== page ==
After Decades of Planning, Manhattan West Finally Opens

Besides bringing six glassy towers and a public plaza to Midtown, the mixed-use development by Brookfield Properties provides a much-needed link between disparate parts of Manhattan that previously felt difficult to navigate.

Rendering of the completed Manhattan West complex. Image courtesy SOM/Miller Hare Limited

Brookfield Properties has been working toward realizing Manhattan West, a $4.5 billion mixed-use development on the island’s West Side, for nearly four decades. After finally breaking ground in 2013 on an underutilized eight-acre plot of land atop underground tracks leading to nearby Penn Station, the complex finally opened yesterday. 

Manhattan West brings six glassy new structures—four office buildings, a residential tower, and the Pendry Hotel—to an eight-acre swath of land centered around a public plaza with seating areas and greenery designed by James Corner Field Operations. The developers took clear-cut inspiration for the plaza from Manhattan West’s downtown counterpart, Brookfield Place, which also provides secluded public space within a mixed-use complex serving office workers, Battery Park City dwellers, and tourists. Though planned before the pandemic, the outdoor plaza became much more of a selling factor thanks to abundant open-air space for events, art installations, and expanded pedestrian space. 

“We really wanted that outdoor experience to make it feel more like a New York neighborhood, and now, we actually feel pretty smart because everybody wants to be outdoors,” Callie Haines, EVP at Brookfield Properties, told the New York Business Journal. “As we’re showing tenants space in the office buildings, it’s been resonating with them in this post-Covid day and age.”

The travertine elevator bank inside One Manhattan West. Photography by Lucas Blair Simpson, courtesy SOM

Despite the sheer enormity of Manhattan West’s buildings, traversing the plaza doesn’t quite feel like a canyon. Thank a dynamic street-level program of shops and restaurants, with terraces sitting above that cascade upward to visually obscure the towering architecture. Among the buildings are One and Two Manhattan West, two office skyscrapers designed by Skidmore, Owings & Merrill. Passersby have already been admiring the former’s show-stopping lobby, anchored by a giant travertine elevator bank that gently swells as it climbs toward the ceiling. Another office building is Five Manhattan West, a formerly maligned 1969 Brutalist structure that underwent a dramatic transformation by means of brand-new pleated glass facade thanks to Rex Architects. Though opening six million square feet of commercial space may feel inopportune during a pandemic, tenants such as Amazon, JP Morgan Chase, and Accenture have already moved in.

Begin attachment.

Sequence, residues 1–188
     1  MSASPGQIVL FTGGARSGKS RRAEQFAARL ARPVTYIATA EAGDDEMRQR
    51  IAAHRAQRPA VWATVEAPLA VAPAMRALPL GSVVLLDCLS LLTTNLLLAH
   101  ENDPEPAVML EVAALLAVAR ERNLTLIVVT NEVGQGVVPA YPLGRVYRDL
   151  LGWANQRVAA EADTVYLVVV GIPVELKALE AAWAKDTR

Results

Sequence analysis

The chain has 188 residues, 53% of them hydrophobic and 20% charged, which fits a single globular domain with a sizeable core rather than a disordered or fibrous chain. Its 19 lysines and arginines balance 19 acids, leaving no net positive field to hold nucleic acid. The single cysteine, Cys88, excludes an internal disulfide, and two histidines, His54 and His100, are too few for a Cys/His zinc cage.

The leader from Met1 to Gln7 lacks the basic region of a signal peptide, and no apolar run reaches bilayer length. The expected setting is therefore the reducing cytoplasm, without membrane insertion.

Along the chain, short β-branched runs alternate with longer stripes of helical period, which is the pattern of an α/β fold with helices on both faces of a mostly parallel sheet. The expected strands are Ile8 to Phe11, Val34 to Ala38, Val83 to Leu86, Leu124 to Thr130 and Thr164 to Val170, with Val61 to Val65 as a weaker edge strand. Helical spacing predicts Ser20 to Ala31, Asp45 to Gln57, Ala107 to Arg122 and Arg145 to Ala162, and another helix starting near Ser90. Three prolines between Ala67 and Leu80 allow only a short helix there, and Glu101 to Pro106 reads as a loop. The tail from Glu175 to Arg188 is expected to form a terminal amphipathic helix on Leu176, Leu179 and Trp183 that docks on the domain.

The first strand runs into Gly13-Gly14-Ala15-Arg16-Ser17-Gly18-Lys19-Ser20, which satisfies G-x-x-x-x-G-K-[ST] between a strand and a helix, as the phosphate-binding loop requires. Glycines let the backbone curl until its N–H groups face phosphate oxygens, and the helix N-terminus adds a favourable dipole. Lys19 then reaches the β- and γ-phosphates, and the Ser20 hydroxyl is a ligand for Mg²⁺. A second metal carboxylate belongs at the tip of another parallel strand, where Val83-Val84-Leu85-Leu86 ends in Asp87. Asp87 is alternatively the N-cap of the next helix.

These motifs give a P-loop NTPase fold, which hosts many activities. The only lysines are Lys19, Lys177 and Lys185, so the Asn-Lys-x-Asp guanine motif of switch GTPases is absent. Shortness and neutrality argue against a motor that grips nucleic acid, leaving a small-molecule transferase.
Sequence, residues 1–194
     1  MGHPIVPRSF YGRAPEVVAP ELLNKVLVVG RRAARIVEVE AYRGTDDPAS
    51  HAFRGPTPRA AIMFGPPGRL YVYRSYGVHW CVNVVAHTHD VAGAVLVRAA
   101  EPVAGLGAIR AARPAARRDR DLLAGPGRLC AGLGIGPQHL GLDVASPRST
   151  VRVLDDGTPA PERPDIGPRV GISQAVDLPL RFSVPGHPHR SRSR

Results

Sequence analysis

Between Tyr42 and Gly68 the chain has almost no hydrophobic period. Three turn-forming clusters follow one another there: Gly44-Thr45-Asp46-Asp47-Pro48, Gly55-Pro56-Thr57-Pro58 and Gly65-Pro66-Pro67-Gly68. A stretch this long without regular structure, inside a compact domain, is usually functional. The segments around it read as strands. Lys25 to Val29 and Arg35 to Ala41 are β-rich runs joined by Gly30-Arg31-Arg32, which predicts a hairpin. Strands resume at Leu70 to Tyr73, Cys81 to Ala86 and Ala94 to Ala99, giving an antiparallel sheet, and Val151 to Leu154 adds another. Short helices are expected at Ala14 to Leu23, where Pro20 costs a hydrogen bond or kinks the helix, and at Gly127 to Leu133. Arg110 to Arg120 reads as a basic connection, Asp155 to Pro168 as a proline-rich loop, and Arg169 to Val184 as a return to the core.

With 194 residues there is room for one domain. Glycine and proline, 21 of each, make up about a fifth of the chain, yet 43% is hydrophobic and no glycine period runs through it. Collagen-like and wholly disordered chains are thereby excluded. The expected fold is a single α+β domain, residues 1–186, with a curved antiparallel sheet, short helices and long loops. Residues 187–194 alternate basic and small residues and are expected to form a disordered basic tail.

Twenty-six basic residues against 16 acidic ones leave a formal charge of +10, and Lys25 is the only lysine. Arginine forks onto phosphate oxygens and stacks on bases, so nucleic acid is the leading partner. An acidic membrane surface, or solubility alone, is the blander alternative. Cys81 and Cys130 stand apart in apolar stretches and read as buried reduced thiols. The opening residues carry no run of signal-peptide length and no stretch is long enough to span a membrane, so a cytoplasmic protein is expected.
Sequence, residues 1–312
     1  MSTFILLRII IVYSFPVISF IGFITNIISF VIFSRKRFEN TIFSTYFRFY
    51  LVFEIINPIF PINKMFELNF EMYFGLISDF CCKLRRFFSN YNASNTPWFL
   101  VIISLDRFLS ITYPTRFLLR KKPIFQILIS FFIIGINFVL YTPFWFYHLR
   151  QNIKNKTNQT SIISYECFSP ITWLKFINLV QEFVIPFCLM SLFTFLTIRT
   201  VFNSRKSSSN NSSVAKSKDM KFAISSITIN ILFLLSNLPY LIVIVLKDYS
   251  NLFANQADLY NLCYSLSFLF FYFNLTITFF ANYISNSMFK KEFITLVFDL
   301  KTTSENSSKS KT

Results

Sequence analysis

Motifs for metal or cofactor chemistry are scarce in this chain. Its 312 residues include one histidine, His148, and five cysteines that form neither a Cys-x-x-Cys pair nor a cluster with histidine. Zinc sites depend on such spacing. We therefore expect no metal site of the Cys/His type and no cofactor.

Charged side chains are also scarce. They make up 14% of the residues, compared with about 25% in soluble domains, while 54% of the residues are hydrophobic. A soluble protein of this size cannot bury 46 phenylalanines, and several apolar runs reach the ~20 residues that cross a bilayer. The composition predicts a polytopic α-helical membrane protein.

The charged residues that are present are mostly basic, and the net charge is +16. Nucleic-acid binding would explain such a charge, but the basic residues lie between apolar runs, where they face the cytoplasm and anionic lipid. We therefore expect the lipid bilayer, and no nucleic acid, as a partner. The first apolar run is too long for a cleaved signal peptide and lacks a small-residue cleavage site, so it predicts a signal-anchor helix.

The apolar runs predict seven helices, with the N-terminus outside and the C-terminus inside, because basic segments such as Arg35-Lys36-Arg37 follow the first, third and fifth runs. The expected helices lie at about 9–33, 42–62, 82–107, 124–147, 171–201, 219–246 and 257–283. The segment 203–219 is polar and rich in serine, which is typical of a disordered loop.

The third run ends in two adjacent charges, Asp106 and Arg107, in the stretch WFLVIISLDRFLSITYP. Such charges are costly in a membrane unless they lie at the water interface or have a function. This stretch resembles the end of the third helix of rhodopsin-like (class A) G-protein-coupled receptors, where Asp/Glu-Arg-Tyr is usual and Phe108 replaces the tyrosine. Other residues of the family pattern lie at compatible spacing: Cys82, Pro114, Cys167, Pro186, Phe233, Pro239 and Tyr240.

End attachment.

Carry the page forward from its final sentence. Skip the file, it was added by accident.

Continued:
Located in a more understated building is the Pendry Hotel, the hospitality brand’s first offering in New York City, which sports interiors by Gachot Studios. A dramatic undulating glass-and-granite facade—the work of SOM—grants each of the 164 rooms a spacious bay window. A similar facade can be found over at the Eugene, a 62-story luxury residential tower that opened in 2019 and is already 98 percent leased. Residents and hotel guests will enjoy major amenities, including full access to Midnight Theater, an intimate performance space that will offer variety shows from the worlds of magic, music, comedy, and Broadway when it opens in October. Arts Brookfield, meanwhile, will plan free year-round public programming in the plaza, including the current Wonka-esque “Citrovia” installation of fake citrus trees that caters to the Instagram crowd.

Peloton facing the public plaza. Photography by Jakob Dahlin

Perhaps most notable about Manhattan West is how the development forms a crucial missing link between the Far West Side and the rest of the city, including the nearby Moynihan and Penn Station transit hubs, Madison Square Garden, Broadway and the Theater District, and the Chelsea gallery district. Situated directly between the Moynihan Train Hall and Hudson Yards, the complex unites a chain of pedestrian pathways that will even see the High Line extended to the site’s northernmost tip and eventually connected by a wooden truss bridge. “This development knits the city together,” says Kenneth A. Lewis, partner at SOM, which also designed the masterplan. “With the public spaces at Manhattan West now open, this urban corridor will bring new life to the Far West Side and form the spine of a vital, growing neighborhood.” 

When planning the retail program, Brookfield Place was careful to make sure tenants complemented the assortment of luxury fashion and jewelry brands such as Fendi, Dior, and Tiffany offered across the street at Hudson Yards. Tenants skew toward health and wellness, including a Whole Foods Market, Peloton Store and Studios, and the skincare treatment studio Peachy. An NHL store, meanwhile, will manage a seasonal ice rink. 

The dining options, however, are Manhattan West’s crown jewel, and including world-class offerings from Danny Meyer’s Union Square Hospitality Group, multiple within the Citizens New York food hall designed by Rockwell Group, and Casa Dani by three-star Michelin chef Dani Garcia. “We’ve been eagerly anticipating the debut of Manhattan West—a key to unlocking and bridging the West Side’s potential as a destination neighborhood,” Meyer said in a statement. “The opening represents a pivotal moment of our city’s revival and gives us good reason to celebrate.” 

The Pendry Hotel. Photography by Lucas Blair Simpson, courtesy SOM
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